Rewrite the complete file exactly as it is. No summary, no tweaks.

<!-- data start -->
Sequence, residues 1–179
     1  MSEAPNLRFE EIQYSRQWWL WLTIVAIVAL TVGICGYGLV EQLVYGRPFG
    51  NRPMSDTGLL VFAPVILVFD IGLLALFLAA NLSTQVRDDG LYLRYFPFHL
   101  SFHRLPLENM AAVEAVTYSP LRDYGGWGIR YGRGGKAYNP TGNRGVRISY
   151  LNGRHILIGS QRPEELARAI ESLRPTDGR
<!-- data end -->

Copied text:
Sequence, residues 1–179
     1  MSEAPNLRFE EIQYSRQWWL WLTIVAIVAL TVGICGYGLV EQLVYGRPFG
    51  NRPMSDTGLL VFAPVILVFD IGLLALFLAA NLSTQVRDDG LYLRYFPFHL
   101  SFHRLPLENM AAVEAVTYSP LRDYGGWGIR YGRGGKAYNP TGNRGVRISY
   151  LNGRHILIGS QRPEELARAI ESLRPTDGR